Urges all members of the IDC-CDI to deliver the resolution to the Embassies of Cuba of their respective countries urging the release of the prisoners of conscience.

Budapest 16/02/2018



Monday, February 19, 2018

Geneva Summit for Human Rights and Democracy at 10 years: Looking forward

"The world is in greater peril from those who tolerate or encourage evil than from those who actually commit it." - Albert Einstein


The 10th Geneva Summit for Human Rights and Democracy convenes in Switzerland tomorrow on February 20, 2018 at 9:00am and is open to the public. The opening address will be given by Luis Almagro, Secretary General of the Organization of American States (OAS), who has revived the relevance of the OAS by calling attention to the unfolding crisis in Venezuela and taking leadership in pursuing solutions.

There is still much more to do.

Over the past decade human rights have been in decline worldwide and democracy in recession. Long time democracies, such as Venezuela, and Turkey have slid into dictatorship. Communist China is ascendant offering an alternative development path without freedom.

In 2013 I was thinking of the failures of states and the Human Rights Council to defend and protect human rights. Now with the Oxfam scandal realize that even NGOs can also fail abysmally.
 When even Amnesty International gets caught up in scandal, shoddy dealings and violating its own commitment to freedom of expression. One looks around at the crisis of institutions: international organizations, government, civil society, and religious institutions all with scandal and challenges.

Andrew MacLeod, who was chief of operations at the United Nation’s Emergency Coordination Center, estimated in The Times on February 14, 2018 that UN staff in the past decade carried out 60,000 rapes "with 3,300 pedophiles working in the organization and its agencies." The United Nations Children's Fund (UNICEF) is in the midst of a scandal with former UNICEF consultant Peter Newell who was jailed for raping a 13 year old boy.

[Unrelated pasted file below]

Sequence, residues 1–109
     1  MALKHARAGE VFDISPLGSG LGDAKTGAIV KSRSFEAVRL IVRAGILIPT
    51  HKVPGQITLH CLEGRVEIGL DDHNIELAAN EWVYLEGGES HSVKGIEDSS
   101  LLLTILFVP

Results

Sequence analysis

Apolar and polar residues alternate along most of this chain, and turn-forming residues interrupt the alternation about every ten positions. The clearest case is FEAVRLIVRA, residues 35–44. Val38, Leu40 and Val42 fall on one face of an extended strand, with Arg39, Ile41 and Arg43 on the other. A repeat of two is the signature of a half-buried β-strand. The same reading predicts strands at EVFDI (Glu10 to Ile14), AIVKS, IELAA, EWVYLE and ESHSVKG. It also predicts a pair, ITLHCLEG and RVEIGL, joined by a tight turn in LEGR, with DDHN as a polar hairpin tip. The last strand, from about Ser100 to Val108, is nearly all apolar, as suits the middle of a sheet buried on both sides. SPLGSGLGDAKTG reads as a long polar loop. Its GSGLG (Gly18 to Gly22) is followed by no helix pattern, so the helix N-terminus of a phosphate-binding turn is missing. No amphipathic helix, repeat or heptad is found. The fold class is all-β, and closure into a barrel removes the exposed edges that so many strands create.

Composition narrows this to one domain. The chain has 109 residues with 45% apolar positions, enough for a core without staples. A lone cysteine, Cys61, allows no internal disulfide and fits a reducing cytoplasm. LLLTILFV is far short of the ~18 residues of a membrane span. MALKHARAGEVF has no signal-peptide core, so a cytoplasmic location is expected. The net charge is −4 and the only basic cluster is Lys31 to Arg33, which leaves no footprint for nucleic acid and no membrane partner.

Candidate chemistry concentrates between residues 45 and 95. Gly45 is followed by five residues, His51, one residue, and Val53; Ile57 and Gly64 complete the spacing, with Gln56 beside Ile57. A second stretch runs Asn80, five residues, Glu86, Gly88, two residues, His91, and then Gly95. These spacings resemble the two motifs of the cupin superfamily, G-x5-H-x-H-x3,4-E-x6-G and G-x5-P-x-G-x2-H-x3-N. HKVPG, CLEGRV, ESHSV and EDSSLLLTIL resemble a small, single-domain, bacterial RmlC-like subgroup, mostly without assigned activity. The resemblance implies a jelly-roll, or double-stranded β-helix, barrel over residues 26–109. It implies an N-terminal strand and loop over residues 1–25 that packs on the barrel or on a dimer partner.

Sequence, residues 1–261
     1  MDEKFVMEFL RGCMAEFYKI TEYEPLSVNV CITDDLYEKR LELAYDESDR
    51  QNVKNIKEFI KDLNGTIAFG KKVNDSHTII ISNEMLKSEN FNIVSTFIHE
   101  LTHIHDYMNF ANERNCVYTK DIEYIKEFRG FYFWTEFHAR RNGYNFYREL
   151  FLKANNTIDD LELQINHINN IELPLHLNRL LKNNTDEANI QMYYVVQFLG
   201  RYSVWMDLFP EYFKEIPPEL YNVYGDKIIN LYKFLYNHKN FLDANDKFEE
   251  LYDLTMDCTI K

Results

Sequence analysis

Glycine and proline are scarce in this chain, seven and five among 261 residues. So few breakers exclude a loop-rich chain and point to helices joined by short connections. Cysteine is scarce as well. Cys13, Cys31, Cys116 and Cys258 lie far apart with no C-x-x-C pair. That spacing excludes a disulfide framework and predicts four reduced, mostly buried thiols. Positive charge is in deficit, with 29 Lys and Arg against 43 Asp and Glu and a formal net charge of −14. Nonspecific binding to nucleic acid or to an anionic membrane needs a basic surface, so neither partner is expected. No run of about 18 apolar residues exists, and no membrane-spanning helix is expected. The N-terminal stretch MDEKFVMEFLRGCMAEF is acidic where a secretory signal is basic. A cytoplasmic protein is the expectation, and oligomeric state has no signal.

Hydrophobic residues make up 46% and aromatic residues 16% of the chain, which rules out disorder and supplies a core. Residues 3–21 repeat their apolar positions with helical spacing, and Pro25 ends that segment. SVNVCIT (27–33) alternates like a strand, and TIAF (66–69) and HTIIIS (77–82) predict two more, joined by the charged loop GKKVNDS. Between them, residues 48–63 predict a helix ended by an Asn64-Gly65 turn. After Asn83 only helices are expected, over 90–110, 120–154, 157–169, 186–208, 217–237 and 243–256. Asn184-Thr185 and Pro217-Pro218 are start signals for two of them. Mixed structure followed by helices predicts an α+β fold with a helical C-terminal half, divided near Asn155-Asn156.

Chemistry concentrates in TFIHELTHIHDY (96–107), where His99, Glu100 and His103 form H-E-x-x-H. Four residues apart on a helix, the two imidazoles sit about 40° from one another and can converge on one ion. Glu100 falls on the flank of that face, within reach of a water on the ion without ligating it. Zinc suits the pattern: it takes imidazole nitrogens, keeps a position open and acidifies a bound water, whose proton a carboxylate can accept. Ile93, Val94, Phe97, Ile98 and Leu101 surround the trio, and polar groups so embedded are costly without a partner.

The international human rights consensus has been shattered while contradictions have emerged that threaten its very foundations.

Restoring the dynamic tension to the human rights conversation
In 1961 Amnesty International was founded by Peter Benenson and consisted of a board of trustees that included all the major British political parties: Labour, Conservative, Liberal and religions: Roman Catholic, Anglican, Baptist, Jewish and Humanist.  

If human rights are to regain their relevance and end its worldwide decline then all parties (and this includes religions) must be invited to the table and not censored beforehand because it does not serve a particular political agenda. Furthermore the right to life, enshrined in both Article 3 of the Universal Declaration of Human Rights and in Article 1 of the American Declaration of the Rights and Duties of Man should apply to all, at all stages of life. Competing rights claims need to be weighed and measured carefully, but recognizing the transcendent importance of the person. 

Finally, human rights defenders instead of focusing on what divides us by race, sex, class, gender, sexual orientation, ability, and religion should seek to recognize our common humanity with a focus on the dignity of the person. Identity politics is a dangerous and divisive dead end.

The change for the better begins with each one of us and the challenge to be better and to do better. This also means a return to first principles and a rejection of identity politics. Everyone must be welcome to the conversation regardless of background and ideas and arguments should rule the day.  

It is time for self-examination and a reawakening to the consensus achieved 70 years ago in the Universal Declaration of Human Rights on December 10, 1948. The Geneva Summit for Human Rights and Democracy is a space where this conversation is taking place and can lead to important and positive changes over the next decade and beyond.


Saturday, February 17, 2018

Ten Years of the Geneva Summit for Human Rights and Democracy: Reflections on the first decade

Reflection on ten years of summits and a call to attend the next one

The 10th Geneva Summit for Human Rights and Democracy convenes in Switzerland on February 20, 2018. Over the past decade this summit has been a vital space for dissenting voices to gather and engage in this important conversation to diagnose the problems challenging human rights and dignity and to do better and be better in order to turn the global decline of human rights around.